For ten days I’m writing about what it really takes to be Highly Creative and whether greater opportunities make for greater Creativity. Last time, I wrote Spending More Time at the Office.
Highly Creative people search for the intellectual edge in their fields because that is where questions that have never been answered–by anyone, twinkle. But they don’t stay on the edge indefinitely. They gather all they know and step into true darkness looking for light.
When the giant Orion–of Homer’s epic The Odyssey, lost his sight, he took up his servant Cedalion and set him upon his shoulders to see for him. They walked together thousands of miles towards the rising sun-god Helios who restored Orion’s sight. The pair would never have reached the sun if they had stayed close to the giant Orion’s known world. Little Cedalion had to lead, because he could see.
Quantum physicist David Bohm said,
A [Creative] scientist cannot be similar to Einstein in the quality of creativity if he merely applies what Einstein did to new problems, or even varies, extends, and develops it so that it reveals its full implications in synthetic combinations with other theories already known. Nor, of course, would a scientist be creative merely reacting against Einstein’s work or by ignoring it altogether.
According to Bohm, the key to Creativity in science lies in perceiving the differences and similarities between Einstein’s work–or the work of other giants of science, and your own. Creative scientists take what they know and compare it to what they see.
The most Creative scientist of the 20th century, Albert Einstein saw in his imagination what it would be like to ride on a beam of light. His mind stayed on this picture for ten years. The picture held both his questions and his answers. Could I travel as fast as light? Could I travel faster? Einstein answered these questions with his Special Theory of Relativity.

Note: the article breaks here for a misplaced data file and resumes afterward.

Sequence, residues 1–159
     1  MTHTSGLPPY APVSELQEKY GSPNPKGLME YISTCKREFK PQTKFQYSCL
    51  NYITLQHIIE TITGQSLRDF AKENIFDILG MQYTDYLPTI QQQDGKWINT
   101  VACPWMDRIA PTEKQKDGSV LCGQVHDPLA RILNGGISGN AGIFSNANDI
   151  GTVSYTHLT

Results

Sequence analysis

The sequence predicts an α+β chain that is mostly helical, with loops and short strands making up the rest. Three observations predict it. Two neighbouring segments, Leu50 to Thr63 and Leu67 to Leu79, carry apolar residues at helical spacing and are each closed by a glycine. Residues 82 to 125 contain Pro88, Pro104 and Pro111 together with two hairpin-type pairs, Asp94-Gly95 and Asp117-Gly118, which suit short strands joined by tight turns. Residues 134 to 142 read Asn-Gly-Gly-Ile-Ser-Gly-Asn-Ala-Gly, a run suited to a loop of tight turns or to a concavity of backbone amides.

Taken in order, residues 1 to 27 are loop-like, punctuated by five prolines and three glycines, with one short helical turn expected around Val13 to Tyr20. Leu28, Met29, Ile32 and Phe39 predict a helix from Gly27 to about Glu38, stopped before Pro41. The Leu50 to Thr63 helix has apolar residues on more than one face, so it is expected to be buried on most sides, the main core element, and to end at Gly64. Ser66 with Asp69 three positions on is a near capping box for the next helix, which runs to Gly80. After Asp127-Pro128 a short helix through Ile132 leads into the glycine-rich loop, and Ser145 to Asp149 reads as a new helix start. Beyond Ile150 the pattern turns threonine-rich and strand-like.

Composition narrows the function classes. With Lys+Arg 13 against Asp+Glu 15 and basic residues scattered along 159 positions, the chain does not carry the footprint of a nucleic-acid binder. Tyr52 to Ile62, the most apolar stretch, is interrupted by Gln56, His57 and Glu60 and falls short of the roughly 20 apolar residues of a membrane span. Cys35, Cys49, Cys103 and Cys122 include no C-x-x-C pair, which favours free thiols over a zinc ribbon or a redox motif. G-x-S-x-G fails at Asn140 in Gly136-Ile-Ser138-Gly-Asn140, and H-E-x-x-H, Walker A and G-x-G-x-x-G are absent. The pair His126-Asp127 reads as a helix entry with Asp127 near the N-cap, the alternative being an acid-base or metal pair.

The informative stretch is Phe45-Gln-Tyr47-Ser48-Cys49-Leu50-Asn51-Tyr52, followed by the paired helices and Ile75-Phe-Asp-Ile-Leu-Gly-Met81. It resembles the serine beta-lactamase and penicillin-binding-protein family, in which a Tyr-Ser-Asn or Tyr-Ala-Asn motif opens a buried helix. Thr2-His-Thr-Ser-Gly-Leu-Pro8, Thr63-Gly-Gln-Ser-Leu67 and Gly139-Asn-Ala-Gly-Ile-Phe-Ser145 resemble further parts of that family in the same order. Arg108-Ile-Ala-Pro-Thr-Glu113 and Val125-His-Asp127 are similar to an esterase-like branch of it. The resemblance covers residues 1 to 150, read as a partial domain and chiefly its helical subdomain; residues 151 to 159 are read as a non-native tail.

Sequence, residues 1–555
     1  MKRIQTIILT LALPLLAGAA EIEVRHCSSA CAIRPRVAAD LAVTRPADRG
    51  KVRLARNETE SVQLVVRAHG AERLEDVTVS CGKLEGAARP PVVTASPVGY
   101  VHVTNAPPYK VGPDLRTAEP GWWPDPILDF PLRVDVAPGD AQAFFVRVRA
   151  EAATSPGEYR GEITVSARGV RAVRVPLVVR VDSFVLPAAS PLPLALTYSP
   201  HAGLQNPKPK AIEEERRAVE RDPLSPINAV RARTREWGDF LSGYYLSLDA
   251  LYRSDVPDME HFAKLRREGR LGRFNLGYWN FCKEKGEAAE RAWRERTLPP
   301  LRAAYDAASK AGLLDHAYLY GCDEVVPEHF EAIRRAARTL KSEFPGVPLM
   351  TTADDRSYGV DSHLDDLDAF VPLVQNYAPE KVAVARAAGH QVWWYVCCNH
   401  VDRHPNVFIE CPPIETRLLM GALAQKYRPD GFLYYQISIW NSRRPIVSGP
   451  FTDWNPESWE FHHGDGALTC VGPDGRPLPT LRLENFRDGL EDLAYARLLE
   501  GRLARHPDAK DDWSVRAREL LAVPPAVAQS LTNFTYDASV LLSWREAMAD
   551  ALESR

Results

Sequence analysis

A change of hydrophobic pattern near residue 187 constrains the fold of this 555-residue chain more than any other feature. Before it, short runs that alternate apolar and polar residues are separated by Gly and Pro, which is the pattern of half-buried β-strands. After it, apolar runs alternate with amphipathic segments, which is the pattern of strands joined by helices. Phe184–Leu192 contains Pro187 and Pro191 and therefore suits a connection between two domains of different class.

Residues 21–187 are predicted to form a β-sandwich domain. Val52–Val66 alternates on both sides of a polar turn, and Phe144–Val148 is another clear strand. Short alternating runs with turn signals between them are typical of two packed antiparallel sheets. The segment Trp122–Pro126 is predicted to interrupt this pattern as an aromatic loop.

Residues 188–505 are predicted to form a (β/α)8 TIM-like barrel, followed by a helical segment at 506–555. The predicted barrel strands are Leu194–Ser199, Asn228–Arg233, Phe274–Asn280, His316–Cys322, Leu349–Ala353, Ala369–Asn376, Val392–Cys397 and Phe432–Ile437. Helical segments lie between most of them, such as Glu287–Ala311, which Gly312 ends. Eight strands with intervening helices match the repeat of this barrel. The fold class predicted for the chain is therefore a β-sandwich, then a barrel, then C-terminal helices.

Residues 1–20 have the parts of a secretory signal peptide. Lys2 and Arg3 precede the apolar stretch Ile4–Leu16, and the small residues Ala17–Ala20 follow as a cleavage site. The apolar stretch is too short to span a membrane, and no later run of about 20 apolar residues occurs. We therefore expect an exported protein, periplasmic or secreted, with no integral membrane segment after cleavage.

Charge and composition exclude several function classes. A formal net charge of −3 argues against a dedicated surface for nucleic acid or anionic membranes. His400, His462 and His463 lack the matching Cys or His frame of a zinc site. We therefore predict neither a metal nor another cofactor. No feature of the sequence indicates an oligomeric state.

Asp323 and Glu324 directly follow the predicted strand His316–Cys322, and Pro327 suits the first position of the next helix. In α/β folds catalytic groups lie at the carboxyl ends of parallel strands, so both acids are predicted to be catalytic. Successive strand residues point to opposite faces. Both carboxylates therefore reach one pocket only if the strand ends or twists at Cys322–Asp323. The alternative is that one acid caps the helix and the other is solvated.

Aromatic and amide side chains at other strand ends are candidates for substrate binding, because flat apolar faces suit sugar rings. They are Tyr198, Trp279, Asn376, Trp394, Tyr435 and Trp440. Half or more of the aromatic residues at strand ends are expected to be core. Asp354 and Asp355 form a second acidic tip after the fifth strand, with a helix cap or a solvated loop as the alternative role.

Clarity and truth lie in what you see, not just for scientists, but for creative-types in every field.
Architect Frank Lloyd Wright fell in love with Tuscany’s architecture when he lived near Florence. But he never designed a Tuscan-style home or office complex. Instead he went home, to the American Prairie, and saw its colors, contours and truths. Wright sought total integration within his designs. In his designs, buildings, furnishings and natural surroundings became a part of a unified, interrelated composition. This total integration produced a type of building new to human architecture and led to Wright’s recognition in 1991 by the American Institute of Architects as “the greatest American architect of all time”.
Every great architect is – necessarily – a great poet. He must be a great original interpreter of his time, his day, his age.
Creative writers also step up to the edge of their field, but they often walk into a different kind of unknown–the unknown within the human heart. Literary editor Betsy Lerner says,
The more popular culture and the media fail to present the real pathos of our human struggle, the more opportunity there is more writers who are unafraid to present stories that speak emotional truth, or that make such intimate connection that briefly we become children again, listening with rapt attention, the satin binding of our blankets pulled up to our chins.
At a time when people are encouraged to follow their bliss, to pursue whatever makes them feel good, I suggest you stalk your demons.
If you are a writer, especially one who has been unable to make your work count or stick, you must grab your demons by the neck and face them down.
You must turn your ambivalence into something unequivocal.
Creators gather all they know and step into confusion and ambivalence, without or despite fear, looking for light. They walk into the unknown in the dark because Creation exists only there.